WHAT IS SEWAGE SLUDGE?
Sewage sludge is a byproduct of water treatment plants and as you can imagine it’s plentiful. It comes from homes, hospitals and businesses – anything flushed or dumped down the drain.
You’ve got human fecal matter, heavy metals, pathogens, pharmaceuticals, and hundreds of contaminants that are not fully removed even after treatment. It IS regulated but only 13 contaminants are controlled. Hundreds more contaminants with unknown impact on our soil and health go untested.
HOW IS SEWAGE SLUDGE USED?
Farms around the world, including in the U.S., use sewage sludge on agricultural fields. It’s spread on pasture land where cows graze and on soil where edible crops are grown commercially. Many farm stands, markets and even high-end grocery stores (including those popular with organic shoppers) sell fruit and vegetables grown in sludge. But it’s hard to know which ones. There is NO requirement to label or disclose its use as a fertilizer for conventionally grown food.
IS SEWAGE SLUDGE ORGANIC?
Fortunately, sewage sludge is not allowed for use on USDA Certified Organic farms. So you can avoid it by buying “certified organic”.
Del Monte asks its growers to “avoid application of sewage sludge and biosolids (as fertilizers)”.
H.J. Heinz, in its Global Good Agricultural Practices Manual for Vendors states “Applications of municipal sewer sludge and/or human sewage sludge are strictly prohibited.”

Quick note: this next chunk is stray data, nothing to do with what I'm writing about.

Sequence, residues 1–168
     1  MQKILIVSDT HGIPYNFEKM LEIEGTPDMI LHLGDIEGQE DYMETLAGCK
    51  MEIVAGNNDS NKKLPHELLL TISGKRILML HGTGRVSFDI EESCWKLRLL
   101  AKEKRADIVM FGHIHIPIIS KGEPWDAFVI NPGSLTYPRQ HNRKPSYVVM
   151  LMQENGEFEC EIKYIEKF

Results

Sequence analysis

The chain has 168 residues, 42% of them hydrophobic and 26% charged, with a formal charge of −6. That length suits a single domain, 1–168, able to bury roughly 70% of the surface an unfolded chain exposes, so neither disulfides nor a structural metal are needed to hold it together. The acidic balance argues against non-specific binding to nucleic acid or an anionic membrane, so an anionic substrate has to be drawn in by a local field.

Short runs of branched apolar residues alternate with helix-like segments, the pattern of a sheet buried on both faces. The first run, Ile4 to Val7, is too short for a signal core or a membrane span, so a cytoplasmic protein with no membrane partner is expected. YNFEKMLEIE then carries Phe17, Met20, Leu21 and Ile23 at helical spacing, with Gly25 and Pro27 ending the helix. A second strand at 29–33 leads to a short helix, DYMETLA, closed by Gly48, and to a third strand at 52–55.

FUDGING THE “SLUDGING”
Sewage sludge was renamed as biosolids to make it less yukky. It can show up on a label as “compost”, “organic fertilizer” or one of many brand names such as “Nutri-green”. If you don’t see an explanation for a word, even the word “compost”, look the term up and/or contact the company directly to find out for yourself if the ingredient contains sludge.
SLUDGE IN THE CITIES
If you get compost from a local recycler of municipal waste, you may end up with some form of sewage sludge. When you see the word “organic” don’t assume it is sludge-free. Ask specifically if it contains biosolids (Class A or B ).
Dehydrated sewer sludge is sold by major cities in the United States and branded with catchy names: Los Angeles – Nitrohumus, Milwaukee – Milorganite, New York – Granulite, and Chicago – Nu-Earth. For more brand names, see the link in the comments.
This topic is highly debated and lots of statistics are thrown about on the Internet. I’ve seen discussion threads where representatives of major companies defend their products, while activists chime in with statements that seem valid, and soil scientists and hazardous waste experts attempt to educate us with compelling points for and against the safety of biosolids.
I don’t intentionally use any form of sewage sludge in my garden or on my property. There are too many unknowns.
And I bet I have recently purchased vegetables grown with sludge. I’m looking back and the city compost I got for free years ago probably contained sludge.
I went to Home Depot expecting to find lots of scandalous evidence of sewage sludge in bagged compost and garden soil. I’ve been reading lots about this topic and discovered that manufacturers of commercial compost use all kinds of terminology to mask the fact that the stuff contains sludge.
RESULT? No mention of sewage sludge or biosolids.
8 out of the 10 bags I checked were OMRI listed (comply with USDA organic standards so no sludge allowed) and out of the two bags of compost not OMRI listed, only one had no explanation of what “compost” meant in the ingredients list. That’s good news and surprised me.
What about you? Have you ever knowingly used sewage sludge? Is it a concern to you?